journalist on Tuesday.
On Thursday night, he was
checking out recipes. The
Jamaica Labour Party took 33 of
the 63 seats. Prime minister-
elect Andrew Holness pondered
which suit and tie to wear for
Most Jamaicans had expected
an easy win for Portia Simpson
Miller s People s National Party
government, despite the rigours
of an IMF-backed austerity pro-
Jamaican pollsters gave the
PNP a narrow lead during the
short campaign; but T&T s Derek
Ramsamooj bucked the trend,
putting the JLP 3.6 points ahead
in 13 marginal seats, 11 of which
it won on Thursday---with a
somewhat wider overall margin.
Nationally, Holness had the
narrowest of wins. The JLP took
just 50.1 per cent of the popular
vote, with 49.8 per cent for the
PNP. Last time round, the JLP
took 46.6 per cent. Worryingly,
voter turnout was down slightly.
The PNP was vulnerable to
this small swing because it held
a set of marginal seats. In 2011,
it won seven seats with less than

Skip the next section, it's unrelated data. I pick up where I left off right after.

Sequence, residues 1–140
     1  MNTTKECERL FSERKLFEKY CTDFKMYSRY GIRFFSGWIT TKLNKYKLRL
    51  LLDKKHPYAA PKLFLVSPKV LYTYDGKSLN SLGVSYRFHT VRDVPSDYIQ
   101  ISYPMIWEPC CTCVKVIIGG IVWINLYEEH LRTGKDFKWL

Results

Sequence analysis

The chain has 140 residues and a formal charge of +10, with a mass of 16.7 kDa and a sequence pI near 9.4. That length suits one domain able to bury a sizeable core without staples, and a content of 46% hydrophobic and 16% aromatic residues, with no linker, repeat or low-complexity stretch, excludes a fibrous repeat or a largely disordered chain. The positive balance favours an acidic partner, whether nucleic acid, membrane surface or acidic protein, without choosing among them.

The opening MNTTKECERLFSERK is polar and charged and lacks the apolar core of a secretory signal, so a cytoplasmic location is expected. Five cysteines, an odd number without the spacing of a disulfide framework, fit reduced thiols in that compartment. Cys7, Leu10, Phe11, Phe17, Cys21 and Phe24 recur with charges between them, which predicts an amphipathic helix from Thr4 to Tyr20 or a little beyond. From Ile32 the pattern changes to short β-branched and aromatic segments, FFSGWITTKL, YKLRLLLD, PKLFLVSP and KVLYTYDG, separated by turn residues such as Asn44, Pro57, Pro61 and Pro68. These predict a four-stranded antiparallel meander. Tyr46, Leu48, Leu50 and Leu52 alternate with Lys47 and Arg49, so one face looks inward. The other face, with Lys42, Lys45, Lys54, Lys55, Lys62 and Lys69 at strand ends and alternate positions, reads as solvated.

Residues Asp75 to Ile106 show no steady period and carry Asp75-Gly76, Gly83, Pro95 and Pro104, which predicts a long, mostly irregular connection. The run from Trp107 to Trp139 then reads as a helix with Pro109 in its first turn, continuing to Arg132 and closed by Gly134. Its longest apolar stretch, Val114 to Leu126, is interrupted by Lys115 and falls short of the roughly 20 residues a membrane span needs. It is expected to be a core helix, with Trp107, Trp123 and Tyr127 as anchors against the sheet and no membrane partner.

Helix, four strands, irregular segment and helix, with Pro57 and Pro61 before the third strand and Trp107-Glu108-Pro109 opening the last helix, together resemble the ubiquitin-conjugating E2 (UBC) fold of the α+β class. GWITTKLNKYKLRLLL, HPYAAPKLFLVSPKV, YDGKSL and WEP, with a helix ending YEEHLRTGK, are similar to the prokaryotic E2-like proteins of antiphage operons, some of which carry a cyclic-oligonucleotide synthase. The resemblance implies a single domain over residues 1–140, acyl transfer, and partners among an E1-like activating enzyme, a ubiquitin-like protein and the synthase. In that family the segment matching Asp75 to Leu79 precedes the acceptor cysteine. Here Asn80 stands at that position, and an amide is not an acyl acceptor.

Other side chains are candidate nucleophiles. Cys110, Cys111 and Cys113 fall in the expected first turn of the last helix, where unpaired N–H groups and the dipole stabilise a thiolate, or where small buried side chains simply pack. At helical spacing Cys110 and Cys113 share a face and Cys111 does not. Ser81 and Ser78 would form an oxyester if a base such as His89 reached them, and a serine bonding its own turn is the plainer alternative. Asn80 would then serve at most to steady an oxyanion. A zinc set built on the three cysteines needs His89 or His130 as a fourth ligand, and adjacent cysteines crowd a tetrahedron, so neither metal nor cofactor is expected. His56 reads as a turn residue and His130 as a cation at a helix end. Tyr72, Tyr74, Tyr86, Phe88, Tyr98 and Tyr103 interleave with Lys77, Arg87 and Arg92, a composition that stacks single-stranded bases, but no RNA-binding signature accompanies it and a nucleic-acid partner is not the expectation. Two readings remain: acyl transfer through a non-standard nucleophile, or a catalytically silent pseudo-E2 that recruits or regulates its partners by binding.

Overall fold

51 per cent of the vote, and nine
more with less than 55 per cent.
That is where the JLP made its
The PNP held firm in its
urban garrisons. Portia won her
usual 94 per cent in South
Western St Andrew.
So who is Andrew Holness?
And will he change Jamaica?
He was education minister for
four years in Bruce Golding s
government from 2007. He was
briefly prime minister when
Bruce stepped down in October
2011, losing a hastily-called elec-
tion to Portia Simpson Miller at
the close of that year.
Now 43, he is a generation
younger than the old-guard in
both parties, who cut their polit-
ical teeth in the 1970s, when
Jamaica was torn apart by ideo-
logically driven gang warfare
between PNP and JLP.
His wife, Juliet, won a former
PNP seat with a comfortable
majority; she is likely to be a key
figure in the new Cabinet.
Shades of Hazel Manning and
Janet Jagan? Maybe.
Young does not always mean
open-minded. Guyana s Bharrat
Jagdeo was just 35 when he took
office. He proved as narrowly par-
tisan as his elderly predecessors.
But some see reasons for hope.
A seasoned public servant says
that when Holness called a
meeting as education minister,
he listened, unlike most politi-
cians. Says a journalist: "He
remembers who you are. He
engages with you."
Less kindly, another on the
media circuit finds him "slimy".
You can t win them all.
Portia shunned the media. As
prime minister, she gave no press
conferences. At her best, her
energy connected direct to voters